1.This case is another macabre reminder of the dangers of mob lynching in the name of justice in the streets. In the present case, as the three Accused Persons admit in mitigation, the victim of vigilante justice, a 74-year old man, was not even the alleged perpetrator of crime. The alleged perpetrator of the crime was his son. He lived to tell the tale. His father, who gallantly showed up to plead for his son, was beaten to death by the atavistic crowd that had gathered to mete out “justice.”
2.As established in the judgment dated 06/05/2020 by Mulwa J., it was the three Accused Persons who set in motion the events which ended up with the death of the Deceased – Francis Njuguna – on 15/10/2016. The three went looking for Samuel Gakuna, the son of the Deceased, who they suspected had stolen from the 1st Accused Person. They found Samuel in the company of the Deceased. The crowd, which the Accused Persons whipped up not only beat up the alleged thief (who, fortunately survived) but also his 74-year old father. The father succumbed to his injuries at the scene.
3.In Nakuru High Court Criminal Case No. 10 of 2014, dealing with a similar scenario, I remarked thus:
4.These words ring true in the present case with particular force. A 74-year old man is dead at the hands of a mob. A 74-year old admittedly innocent man.
5.Struck by the inhumanity of the situation, the Prosecutor, Ms. Mumbe, at first uncharacteristically urged the Court to hand down the death penalty. She thought that the circumstances justified it given the age of the Deceased; the manner in which he was killed; and the impact on his family. Upon hearing the mitigation of the three Accused Persons, Ms. Mumbe softened her stance: she ended up asking for a stiff custodial sentence.
6.Each of the three Accused Persons addressed the Court. Each made an impassioned plea to the Court to be lenient with them. Each articulated their deep remorse. Each explained how much they regretted that their ill-advised actions led to the death of the Deceased. Each stressed how much they had learnt while in custody; and how much the experience had changed their lives. Each implored the Court to give them a second chance at life. Each emphasized about their youthfulness – the 1st Accused is 32; the second Accused is 28 while the 3rd Accused is 22.
7.Ms. Kerubo, counsel for all three Accused Persons also pleaded for leniency. She pointed out that this was a case where the mob descended on the Deceased and that there was no hatched plan on the part of the three to cause his death. She pointed out that the three are first offenders and that the Court should follow the recommendation in the Pre-sentence Report and impose a non-custodial sentence since each of the three Accused Persons has been in custody for more than six years.
8.My task here is to determine the appropriate sentence for the Accused Persons.
9.According to the Judiciary Sentencing Policy and Guidelines (See para. 4.1), a Court imposes a sentence on an offender for one or more of the following purposes:a.To ensure that the offender is adequately punished for the offence;b.To deter the offender or other people from committing the same or similar offences;c.To protect the community from the offender;d.To rehabilitate the offender;e.To denounce, condemn or censure the conduct of the offender;f.To restore justice and relations by making the offender accountable for his or her actions and to recognize the harm done to the victim of the crime and to the community.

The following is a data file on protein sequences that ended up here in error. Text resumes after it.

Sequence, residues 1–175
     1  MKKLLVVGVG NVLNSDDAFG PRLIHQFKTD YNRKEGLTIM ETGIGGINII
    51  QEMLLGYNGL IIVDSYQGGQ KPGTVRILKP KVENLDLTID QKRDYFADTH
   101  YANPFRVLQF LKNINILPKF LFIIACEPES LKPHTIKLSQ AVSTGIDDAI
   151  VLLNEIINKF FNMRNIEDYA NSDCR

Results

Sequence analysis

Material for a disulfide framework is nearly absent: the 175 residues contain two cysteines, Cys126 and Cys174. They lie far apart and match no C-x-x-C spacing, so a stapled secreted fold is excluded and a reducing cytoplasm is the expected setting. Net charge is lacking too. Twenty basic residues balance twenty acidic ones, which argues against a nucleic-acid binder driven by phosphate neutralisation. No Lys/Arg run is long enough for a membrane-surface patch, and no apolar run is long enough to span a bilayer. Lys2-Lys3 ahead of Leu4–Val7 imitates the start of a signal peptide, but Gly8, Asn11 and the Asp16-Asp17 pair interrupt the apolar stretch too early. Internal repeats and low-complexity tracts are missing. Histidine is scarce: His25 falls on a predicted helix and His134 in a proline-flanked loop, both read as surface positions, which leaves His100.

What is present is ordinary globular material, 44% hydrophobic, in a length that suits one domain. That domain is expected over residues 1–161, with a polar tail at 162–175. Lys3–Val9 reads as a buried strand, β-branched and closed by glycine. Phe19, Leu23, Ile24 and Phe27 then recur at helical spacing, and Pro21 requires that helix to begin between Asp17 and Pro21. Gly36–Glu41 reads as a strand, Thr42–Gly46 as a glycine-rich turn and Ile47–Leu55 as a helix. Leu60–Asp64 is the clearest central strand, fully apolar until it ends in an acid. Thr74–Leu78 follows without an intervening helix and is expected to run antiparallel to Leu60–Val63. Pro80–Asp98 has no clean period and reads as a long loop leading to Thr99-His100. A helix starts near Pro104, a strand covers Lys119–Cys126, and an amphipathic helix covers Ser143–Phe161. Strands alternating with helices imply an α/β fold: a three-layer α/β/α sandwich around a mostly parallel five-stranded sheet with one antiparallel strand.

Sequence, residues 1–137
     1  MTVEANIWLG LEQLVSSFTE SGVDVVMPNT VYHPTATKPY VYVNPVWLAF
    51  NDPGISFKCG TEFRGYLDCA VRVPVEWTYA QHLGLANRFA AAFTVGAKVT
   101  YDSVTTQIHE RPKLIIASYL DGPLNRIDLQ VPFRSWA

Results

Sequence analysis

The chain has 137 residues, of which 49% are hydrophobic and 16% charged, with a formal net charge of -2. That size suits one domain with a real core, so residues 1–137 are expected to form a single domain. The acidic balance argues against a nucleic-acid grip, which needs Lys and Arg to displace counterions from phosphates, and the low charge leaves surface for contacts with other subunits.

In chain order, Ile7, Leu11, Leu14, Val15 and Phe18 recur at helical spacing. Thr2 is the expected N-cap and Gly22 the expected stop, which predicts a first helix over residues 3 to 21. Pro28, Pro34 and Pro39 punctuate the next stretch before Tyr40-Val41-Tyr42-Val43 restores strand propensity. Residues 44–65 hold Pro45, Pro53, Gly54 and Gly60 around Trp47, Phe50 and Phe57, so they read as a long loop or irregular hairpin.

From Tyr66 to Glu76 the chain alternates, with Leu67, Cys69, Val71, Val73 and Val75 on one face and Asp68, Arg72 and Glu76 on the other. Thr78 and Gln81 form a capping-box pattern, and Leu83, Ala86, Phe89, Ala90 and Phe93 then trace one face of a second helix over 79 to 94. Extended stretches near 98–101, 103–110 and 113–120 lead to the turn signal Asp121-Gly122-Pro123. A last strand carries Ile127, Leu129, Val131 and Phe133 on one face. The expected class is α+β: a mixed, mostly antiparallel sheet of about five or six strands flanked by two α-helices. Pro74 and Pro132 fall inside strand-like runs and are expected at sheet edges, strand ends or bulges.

10.Arising from these purposes, a number of principles underpin the sentencing process and must be borne in mind in crafting an appropriate sentence in a given case. They include the following three:a.Proportionality: that the overall punishment must be proportionate to the gravity of the offending behaviour;b.Parsimony: that the sentence must be no more severe than is necessary to meet the purposes of sentencing;c.Parity: the principle that similar sentences should be imposed for similar offences committed by offenders in similar circumstances
11.Ultimately, as many courts have pointed out, the fundamental and immutable principle of sentencing is that the sentence imposed must ultimately reflect the objective seriousness of the offence committed and there must be a reasonable proportionality between the sentence passed and the circumstances of the crime committed.
12.In the present case, the manner in which the Deceased was killed is a weighty aggravating factor – both in its depravity and the number of persons involved. The impact of the death on the family of the Deceased is another. The age of the Deceased is another.
13.I have credited the Accused Persons with all the extenuating factors highlighted on their behalf: that they are remorseful (and they seemed so to me); and that they were extremely youthful and fell into mob hysteria with its attendant ephemeral loss of rationality; and that they have shown capacity for reform and rehabilitation.
14.I would agree with the Defence that this homicide does rise to the level of culpability that should attract the death sentence. However, I also agree with the Prosecution Counsel that the Court should, on behalf of the society, register its denunciation of the actions of each of the Accused Persons through a significant prison sentence; one which reflects the objective seriousness of the offence and communicates to the society that this kind of vigintalism is murder and leads to much injustice in the society.
16.That same sentence is called for here. All considered in this case, I have come to the conclusion that a sentence of imprisonment for fifteen (15) years is a fit one for this crime. I hereby sentence each of the Accused Person to fifteen (15) years imprisonment.
17.The Accused Persons have all been in custody since they were arrested on 15/10/2016. Consequently, the sentence will be computed to begin on that day.